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The Work Has Begun | The Nation

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The Work Has Begun

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No sooner was I seated on the Amtrak train to Washington than I was joined by Joanna Lawrence, whose mother in the 1930's famously put Esquire on the map with her article, "Latins Are Lousy Lovers," and had been Abbie Hoffman's companion during the last years of his life (including his years on the lam.)

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Victor Navasky
Victor Navasky, publisher emeritus of The Nation, was the magazine's editor from 1978 to 1995 and publisher and...

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Her itinerary was much more interesting than mine. It included a "shoe-in" at DuPont Circle, where those so inclined would throw their shoes at the Bush administration, and thereby "shoe them out" of office." It also included a rally organized by Medea Benjamin, who was joined by witches from CodePink and Kate Clinton, the comedienne, whose object would be to "cleanse the White House." Don't Ask. And an event at the bookstore Busboys and Poets, where Joan Baez was singing and Alice Waters and others were doing their stuff.

Across the aisle were Linda Gottlieb and her husband, Rob, who told an Obama story I had never heard before. Bob is one of Obama's bigger funders and "bundlers" (he has tickets in the coveted "yellow section" on Inaugural Day.) He told a lovely story. In 2004, after Obama's main opponent withdrew from the Senate race in Illinois because this wife had charged he forced her to go to sex clubs and Obama handily won the election, Bob received a check from the Obama campaign, with a note from Obama, explaining that there was leftover money.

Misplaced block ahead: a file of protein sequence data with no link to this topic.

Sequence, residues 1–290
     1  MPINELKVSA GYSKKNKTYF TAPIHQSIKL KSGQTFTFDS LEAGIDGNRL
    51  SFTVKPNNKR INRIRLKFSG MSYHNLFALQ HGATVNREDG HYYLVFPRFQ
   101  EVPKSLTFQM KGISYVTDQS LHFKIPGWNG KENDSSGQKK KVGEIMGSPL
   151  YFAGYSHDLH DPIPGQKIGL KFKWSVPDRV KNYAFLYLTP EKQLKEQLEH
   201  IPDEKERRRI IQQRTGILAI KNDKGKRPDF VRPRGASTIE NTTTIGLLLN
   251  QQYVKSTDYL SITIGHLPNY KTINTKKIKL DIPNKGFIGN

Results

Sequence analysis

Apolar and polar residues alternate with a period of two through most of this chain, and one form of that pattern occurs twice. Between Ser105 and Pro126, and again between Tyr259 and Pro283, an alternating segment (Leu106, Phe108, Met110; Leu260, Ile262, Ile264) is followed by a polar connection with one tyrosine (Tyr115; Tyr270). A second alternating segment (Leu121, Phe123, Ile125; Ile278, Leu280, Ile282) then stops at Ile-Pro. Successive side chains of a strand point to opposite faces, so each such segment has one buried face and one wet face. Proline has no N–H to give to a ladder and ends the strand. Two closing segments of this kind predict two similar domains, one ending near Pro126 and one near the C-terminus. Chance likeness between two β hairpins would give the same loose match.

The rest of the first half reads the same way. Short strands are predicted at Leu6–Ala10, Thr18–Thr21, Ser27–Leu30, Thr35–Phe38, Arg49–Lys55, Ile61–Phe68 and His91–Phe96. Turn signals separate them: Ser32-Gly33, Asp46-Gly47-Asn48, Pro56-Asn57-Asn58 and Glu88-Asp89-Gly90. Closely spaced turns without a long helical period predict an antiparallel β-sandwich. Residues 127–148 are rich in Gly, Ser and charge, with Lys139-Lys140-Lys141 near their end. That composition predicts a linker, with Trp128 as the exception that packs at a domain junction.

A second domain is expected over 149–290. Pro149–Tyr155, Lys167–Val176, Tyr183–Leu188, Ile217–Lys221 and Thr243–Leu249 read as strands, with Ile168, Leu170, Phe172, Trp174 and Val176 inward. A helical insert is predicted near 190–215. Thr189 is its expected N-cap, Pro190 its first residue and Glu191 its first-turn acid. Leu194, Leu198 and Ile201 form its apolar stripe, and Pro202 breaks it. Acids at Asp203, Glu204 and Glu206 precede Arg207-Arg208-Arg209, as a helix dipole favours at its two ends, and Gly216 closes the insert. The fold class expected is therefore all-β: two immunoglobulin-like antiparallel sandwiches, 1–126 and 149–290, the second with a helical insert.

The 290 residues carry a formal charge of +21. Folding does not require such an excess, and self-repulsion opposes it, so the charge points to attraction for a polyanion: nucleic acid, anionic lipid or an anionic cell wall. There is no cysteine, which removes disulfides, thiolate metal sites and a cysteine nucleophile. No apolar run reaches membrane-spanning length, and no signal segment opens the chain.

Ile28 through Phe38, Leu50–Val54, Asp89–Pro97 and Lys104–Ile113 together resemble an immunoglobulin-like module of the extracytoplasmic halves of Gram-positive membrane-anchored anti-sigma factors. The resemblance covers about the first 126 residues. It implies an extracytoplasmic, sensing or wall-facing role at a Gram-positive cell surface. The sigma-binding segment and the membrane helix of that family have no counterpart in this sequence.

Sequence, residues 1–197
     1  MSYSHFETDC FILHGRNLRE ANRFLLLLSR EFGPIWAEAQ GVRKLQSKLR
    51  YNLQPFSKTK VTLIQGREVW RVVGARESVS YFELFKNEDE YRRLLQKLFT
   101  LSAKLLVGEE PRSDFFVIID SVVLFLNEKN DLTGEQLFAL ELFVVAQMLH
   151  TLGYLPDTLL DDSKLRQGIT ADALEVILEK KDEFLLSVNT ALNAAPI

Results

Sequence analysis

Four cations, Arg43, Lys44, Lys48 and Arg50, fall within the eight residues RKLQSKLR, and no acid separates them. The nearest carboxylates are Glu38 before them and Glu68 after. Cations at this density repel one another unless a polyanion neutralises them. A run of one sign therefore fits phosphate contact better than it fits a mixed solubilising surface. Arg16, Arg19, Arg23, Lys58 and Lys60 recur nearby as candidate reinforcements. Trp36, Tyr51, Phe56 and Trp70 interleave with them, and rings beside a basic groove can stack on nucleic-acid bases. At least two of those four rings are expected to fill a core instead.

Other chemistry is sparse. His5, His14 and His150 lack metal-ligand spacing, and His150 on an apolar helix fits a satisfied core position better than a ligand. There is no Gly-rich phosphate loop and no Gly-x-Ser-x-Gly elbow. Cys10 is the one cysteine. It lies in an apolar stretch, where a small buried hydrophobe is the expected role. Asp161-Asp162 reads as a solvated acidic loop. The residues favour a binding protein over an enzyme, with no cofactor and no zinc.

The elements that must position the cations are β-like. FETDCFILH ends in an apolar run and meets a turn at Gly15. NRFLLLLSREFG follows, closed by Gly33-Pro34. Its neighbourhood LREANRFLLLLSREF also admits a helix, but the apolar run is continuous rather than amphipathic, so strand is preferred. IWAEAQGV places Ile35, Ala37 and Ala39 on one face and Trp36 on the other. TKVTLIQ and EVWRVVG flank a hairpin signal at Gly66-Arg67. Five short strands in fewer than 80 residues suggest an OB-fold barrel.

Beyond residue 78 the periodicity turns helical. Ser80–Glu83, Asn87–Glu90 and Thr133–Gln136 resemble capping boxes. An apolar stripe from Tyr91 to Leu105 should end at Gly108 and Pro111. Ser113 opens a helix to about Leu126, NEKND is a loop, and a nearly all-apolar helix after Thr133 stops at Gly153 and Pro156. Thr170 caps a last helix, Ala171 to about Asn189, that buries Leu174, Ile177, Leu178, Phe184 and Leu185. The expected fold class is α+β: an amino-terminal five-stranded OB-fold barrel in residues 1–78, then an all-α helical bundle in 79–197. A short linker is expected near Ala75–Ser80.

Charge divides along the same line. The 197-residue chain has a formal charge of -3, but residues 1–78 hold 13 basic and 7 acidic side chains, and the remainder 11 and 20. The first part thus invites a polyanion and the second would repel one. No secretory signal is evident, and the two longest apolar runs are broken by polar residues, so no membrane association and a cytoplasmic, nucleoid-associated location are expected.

Amtrak arrived in Washington on time, and inaugural festivities were well underway, although traffic around the Union Station was at a standstill and what seemed like a half-mile line of would-be taxi passengers was instructed to move to First and G streets, if they hoped to move anywhere else. Meanwhile, as Obama was rolling Laguna Blue paint on the walls over at Sasha Bruce House, a way of participatory symbolism in his call for service, all of that part of Washington not stuck in a traffic jam, seemed to be marveling at the logistical efficiency of the Obama operation.

I'm with them. A few days before I left for DC, I received a call from Sarah Kovner, our 67th Street neighbor on Manhattan's West Side. She had received one of the Obama e-mails calling for service and asking her to be a block captain in the cause. Sarah's idea was that since Upper West Side food kitchens were low on food, due to increased demand, would we (the code word for Annie, my spouse) take responsibility for our building? It turned out within minutes of Sarah K.'s e-mailing back, at her willingness to take on the responsibility, she received five e-mails from people in the neighborhood (also on Obama's list), offering their services.

So while many in the progressive community carry on the conversation about whether Obama's surface move to the center (by way of his appointments) is a tactic (aimed at converting liberal humanist values into national policy) or a sign (that at heart he is more a political traditionalist than they had expected?) and while protesters continue to protest (hoping to push O in the right (i.e., the left) direction, the view from here--on a cool Inauguration Day in Washington, DC--is that the work has begun.

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